Off among the shrubbery toward the faculty parking lot he notices an animal moving, heading toward the office building. Some student’s dog, he supposes, a big black animal, a poodle, maybe, trotting purposefully along, as if it’s escaped from a backyard somewhere and come hunting its master. For a moment Wagner watches it sniffing a hedge, then leaves the window.
He flops down onto the swivel chair with a puff of dust from the cracking leather cushions and wonders if he should put his feet up on his desk in a raffish gesture. If he tries, he’ll only dislodge and scatter heaps of books. Facing him like an enemy sits a pile of student exams, waiting for his grade. If he were a professor in some large college or university, such as Yale or Harvard, schools that he can only dream about, or even Caltech and Western Reserve, schools where he applied only to be turned down, he would have graduate students to grade these measly multiple choice quizzes and laboratory notebooks. As it is, he picks up a red pencil and scoots his chair to the desk.
Scattered on the pile by an indifferent secretary lies his mail, three advertisements and a letter from some college in California. The advertisements he tosses into the wastebasket, the letter he reads, skimming at first, then backing up to read more slowly, to savor, to doubt, to read again and confirm. Yes, a small college just outside of San Francisco, not a famous school, but certainly superior to this miserable hole where he teaches, is asking him, John Honus Wagner, to read a paper at a special conference in August, the theme of which is “Methodology in the Synthesis of Organic Compounds,” his actual specialty, his island in the vast sea of modern chemistry. How did they even get his name? A scrawled note on the back of the letter explains. An old student of his, his best student—Hell, his one and only good student ever—has just received his doctorate from the University of California, is doing the scut-work of organizing a conference like this, and has dared to broach his mentor’s name to the committee. Not only was Roger his one good student, but he’s grateful. Wagner’s eyes fill with tears, which he brushes away fast and hard.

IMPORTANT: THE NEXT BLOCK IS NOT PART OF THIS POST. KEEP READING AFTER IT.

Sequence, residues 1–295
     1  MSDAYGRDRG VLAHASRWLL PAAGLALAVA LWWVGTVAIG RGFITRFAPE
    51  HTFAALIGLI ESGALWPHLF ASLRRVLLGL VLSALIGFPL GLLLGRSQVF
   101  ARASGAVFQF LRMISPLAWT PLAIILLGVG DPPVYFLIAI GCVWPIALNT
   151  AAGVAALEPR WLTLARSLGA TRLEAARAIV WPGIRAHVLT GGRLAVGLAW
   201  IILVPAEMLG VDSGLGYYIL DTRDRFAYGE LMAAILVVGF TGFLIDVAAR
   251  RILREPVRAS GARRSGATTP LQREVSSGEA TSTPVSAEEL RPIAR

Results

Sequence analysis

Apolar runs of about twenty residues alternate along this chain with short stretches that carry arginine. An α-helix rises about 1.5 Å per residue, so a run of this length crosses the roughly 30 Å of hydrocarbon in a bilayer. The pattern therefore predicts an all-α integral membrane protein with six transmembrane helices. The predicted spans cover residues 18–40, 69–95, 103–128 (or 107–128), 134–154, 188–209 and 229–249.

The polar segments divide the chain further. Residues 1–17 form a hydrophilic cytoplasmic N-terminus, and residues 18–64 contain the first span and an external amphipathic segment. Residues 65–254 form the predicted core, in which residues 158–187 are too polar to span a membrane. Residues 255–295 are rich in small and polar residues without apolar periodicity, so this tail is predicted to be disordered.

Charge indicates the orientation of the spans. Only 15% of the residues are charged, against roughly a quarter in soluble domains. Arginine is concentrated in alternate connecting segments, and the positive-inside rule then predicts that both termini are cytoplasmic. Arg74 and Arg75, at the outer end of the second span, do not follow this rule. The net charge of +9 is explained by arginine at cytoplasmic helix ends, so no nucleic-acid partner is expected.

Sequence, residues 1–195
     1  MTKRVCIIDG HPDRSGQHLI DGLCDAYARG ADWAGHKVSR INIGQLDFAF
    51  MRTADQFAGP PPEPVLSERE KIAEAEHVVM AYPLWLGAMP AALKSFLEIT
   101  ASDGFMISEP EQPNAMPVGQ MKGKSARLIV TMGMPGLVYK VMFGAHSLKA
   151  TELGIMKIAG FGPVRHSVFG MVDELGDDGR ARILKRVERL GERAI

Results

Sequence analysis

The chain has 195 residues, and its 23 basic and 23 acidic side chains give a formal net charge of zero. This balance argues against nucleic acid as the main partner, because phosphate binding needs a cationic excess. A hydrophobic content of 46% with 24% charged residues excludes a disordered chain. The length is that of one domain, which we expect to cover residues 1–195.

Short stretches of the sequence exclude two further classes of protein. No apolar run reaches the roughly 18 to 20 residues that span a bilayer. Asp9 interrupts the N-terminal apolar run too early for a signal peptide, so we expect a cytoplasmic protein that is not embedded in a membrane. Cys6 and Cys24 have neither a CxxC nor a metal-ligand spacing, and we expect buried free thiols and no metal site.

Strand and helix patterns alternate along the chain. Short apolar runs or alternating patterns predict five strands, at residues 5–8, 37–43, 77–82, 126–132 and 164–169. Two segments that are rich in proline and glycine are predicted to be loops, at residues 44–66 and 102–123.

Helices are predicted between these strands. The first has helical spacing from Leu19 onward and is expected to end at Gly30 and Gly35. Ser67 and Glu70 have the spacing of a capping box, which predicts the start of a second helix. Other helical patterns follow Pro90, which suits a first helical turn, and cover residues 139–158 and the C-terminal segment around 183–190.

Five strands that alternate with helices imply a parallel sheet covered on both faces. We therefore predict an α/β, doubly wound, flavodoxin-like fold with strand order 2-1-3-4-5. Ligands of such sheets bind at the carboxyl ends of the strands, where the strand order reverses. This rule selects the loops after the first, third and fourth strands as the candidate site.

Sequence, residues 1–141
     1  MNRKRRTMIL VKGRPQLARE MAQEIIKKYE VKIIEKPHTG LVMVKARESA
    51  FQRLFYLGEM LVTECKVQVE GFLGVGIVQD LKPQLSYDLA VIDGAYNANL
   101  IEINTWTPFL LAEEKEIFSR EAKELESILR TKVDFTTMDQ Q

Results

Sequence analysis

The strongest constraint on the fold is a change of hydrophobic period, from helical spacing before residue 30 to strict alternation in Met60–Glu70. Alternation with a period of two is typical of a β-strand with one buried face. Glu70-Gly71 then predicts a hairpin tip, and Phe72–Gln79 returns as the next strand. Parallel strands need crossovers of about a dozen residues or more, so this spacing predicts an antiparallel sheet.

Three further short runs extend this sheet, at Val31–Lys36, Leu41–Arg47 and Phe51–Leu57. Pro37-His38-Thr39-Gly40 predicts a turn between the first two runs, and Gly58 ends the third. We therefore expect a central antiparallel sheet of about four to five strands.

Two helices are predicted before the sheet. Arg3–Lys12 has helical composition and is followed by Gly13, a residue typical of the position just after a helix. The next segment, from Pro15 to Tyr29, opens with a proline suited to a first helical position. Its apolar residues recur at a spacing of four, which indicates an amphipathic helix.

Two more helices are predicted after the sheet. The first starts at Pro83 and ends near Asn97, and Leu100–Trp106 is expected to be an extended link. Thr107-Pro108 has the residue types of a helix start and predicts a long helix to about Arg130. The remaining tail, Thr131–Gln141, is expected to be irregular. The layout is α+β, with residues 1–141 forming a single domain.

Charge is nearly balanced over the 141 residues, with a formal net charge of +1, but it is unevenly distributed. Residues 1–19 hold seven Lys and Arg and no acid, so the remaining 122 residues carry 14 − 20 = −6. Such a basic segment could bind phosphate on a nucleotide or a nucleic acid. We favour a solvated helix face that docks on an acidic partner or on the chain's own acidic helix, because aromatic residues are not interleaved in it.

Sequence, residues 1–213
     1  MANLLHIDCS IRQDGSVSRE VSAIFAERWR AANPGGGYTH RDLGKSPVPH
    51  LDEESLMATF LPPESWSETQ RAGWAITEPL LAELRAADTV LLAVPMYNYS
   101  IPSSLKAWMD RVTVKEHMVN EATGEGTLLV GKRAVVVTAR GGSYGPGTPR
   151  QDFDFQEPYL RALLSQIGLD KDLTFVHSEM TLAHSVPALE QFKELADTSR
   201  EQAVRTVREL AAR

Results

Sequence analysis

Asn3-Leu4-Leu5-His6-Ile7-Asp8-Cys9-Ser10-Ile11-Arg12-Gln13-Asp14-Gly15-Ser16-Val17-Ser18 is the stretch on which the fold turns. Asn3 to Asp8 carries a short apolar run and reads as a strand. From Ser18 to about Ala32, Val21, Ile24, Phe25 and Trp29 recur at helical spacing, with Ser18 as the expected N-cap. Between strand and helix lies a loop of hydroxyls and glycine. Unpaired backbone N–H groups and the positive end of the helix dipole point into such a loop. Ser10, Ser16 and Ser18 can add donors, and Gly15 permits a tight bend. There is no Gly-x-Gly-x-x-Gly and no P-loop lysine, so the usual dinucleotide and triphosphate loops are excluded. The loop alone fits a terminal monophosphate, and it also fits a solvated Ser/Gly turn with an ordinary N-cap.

The problem, of course, is money. The conference pays an honorarium, barely enough for a one-way ticket to San Francisco, if that. Not only is Wagner’s salary small, but a large chunk of it goes every month to his ex-wife. The college has made it quite clear that “advances” happen only in science, never in the Accounting Department.
“God damn it all to Hell!”
He’s screamed the words, not merely spoken them. At that precise moment, someone knocks on the door. Wagner swallows hard, reaches up to straighten the tie that’s no longer there, shoves the chair back, and stands, wondering why he’s standing.
“Who is it?”
“Nick Harrison. From Chem 10. I need to get you to sign something, sir.”
We hope you have enjoyed this sample of Freeze Frames, by Katharine Kerr